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Government science chief highlights AI questions

20/01/17

Sir Mark Walport says great potential in public services is accompanied by a series of awkward issues and possible threats

Artificial intelligence (AI) will have applications across public services, but society needs to be careful in how it is used, the Government’s chief scientific advisor has warned.

Sir Mark WalportSir Mark Walport used a lecture at the Alan Turing Institute to warn that, despite the immense potential of AI, it could bring new vulnerabilities and would not necessarily be objective in supporting decision-makers.

“I think the potential applications in terms of delivering services better extend across the whole of the public service realm, be it justice, welfare, education or medicine,” he said.

The ability of systems driven by machine learning to compile and analyse huge amounts of information could provide benefits in several areas, and Walport cited the example of AI having the capacity to exceed that of lawyers in amassing the body of case law. This could provide valuable support for all elements of the justice system.

But even with the benefits there would be limitations.

“Most of us would agree that having judges who are informed by the corpus of knowledge is important, but would we really think it is a good idea to have AI systems that would work out the sentencing to be applied?” he asked.

“These are interesting questions, and it’s probably best to see the role of the computer as the assistant rather than as a replacement for the human being.”

Danger of bias

This is related to the fact that, despite perceptions around the objectivity of AI, it could be as subjective as humans if not used correctly.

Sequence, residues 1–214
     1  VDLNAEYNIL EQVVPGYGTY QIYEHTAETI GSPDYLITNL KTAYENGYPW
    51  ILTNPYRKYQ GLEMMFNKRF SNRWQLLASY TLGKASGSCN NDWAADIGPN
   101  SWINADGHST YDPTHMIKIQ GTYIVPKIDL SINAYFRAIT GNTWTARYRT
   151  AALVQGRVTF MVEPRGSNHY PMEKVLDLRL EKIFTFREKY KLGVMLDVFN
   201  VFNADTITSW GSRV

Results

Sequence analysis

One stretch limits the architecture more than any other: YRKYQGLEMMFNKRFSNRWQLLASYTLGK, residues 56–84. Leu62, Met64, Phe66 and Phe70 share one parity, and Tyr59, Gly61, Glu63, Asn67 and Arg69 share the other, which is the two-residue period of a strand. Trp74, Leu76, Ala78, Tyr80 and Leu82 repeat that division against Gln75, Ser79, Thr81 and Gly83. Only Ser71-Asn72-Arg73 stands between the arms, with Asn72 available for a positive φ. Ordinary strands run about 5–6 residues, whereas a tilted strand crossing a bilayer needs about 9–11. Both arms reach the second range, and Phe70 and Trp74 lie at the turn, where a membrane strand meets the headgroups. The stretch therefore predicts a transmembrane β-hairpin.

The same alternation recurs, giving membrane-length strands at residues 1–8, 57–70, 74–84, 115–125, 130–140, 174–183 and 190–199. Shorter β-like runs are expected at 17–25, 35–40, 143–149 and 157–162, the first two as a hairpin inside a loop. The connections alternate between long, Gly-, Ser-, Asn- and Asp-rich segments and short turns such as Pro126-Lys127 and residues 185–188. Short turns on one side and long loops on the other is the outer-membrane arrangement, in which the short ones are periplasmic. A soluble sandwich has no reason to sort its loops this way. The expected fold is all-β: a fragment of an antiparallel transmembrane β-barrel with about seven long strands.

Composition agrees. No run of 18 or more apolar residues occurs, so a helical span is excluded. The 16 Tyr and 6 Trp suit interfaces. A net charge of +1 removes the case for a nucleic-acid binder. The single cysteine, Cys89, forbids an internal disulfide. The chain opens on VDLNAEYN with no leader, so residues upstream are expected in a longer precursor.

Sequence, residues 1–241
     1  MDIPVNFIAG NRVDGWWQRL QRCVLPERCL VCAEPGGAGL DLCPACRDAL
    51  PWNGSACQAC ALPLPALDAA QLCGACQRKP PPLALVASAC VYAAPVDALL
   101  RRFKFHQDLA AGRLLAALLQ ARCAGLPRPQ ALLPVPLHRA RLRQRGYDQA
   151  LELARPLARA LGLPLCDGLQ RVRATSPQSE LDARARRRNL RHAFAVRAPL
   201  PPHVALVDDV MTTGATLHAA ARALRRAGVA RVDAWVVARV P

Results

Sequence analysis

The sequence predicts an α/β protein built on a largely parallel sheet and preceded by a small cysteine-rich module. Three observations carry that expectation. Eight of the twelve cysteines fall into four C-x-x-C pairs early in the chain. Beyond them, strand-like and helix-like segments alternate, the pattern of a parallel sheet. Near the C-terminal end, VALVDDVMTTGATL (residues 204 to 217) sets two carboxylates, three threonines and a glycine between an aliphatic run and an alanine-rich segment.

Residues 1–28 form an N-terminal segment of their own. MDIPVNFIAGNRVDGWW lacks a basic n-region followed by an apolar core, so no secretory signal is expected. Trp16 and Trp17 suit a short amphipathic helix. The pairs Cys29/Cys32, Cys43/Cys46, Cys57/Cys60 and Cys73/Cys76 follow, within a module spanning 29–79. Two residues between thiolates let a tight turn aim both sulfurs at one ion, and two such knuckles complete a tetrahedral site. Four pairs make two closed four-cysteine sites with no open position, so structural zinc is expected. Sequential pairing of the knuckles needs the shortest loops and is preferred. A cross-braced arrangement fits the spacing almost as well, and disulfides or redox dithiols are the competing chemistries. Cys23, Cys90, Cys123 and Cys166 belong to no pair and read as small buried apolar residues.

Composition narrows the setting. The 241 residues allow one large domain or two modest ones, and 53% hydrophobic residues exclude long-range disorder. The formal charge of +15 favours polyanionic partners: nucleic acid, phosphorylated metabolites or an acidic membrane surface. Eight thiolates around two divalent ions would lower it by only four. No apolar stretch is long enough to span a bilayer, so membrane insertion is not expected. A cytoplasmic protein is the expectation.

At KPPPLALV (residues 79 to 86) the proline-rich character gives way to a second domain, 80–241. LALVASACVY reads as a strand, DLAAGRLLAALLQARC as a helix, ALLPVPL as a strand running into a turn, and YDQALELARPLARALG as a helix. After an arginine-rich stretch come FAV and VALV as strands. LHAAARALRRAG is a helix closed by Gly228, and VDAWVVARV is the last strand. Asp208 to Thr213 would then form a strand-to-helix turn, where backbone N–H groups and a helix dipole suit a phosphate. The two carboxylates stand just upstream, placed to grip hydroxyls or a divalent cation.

“The idea that AI is not going to be subject to its own prejudices and stereotyping is completely wrong,” Walport said. “It can reflect the cognitive biases of the people who do the programming or the information that is fed into it.

“If the data that goes in is biased, then the output will be biased.”

Over time this is likely to lead to questions about the need for regulation of AI and the use of algorithms, although he acknowledged that there is a widespread reluctance to increase bureaucratic burdens on organisations using the technology.

He also warned that increasing the use of AI could create new vulnerabilities in society, reflecting the perception that the increased dependence on IT has already done so. In the worst case a widespread breakdown could have catastrophic consequences.

Walport highlighted another potentially difficult issue in the public reactions to AI.

“With all the interactions with chatbots and other machine learning, AI implementations, is it right when we don’t know if we’re interacting with a human or a computer program?” he asked. “At the moment I don’t think we do, and I don’t know the answer, but it’s an interesting question.”

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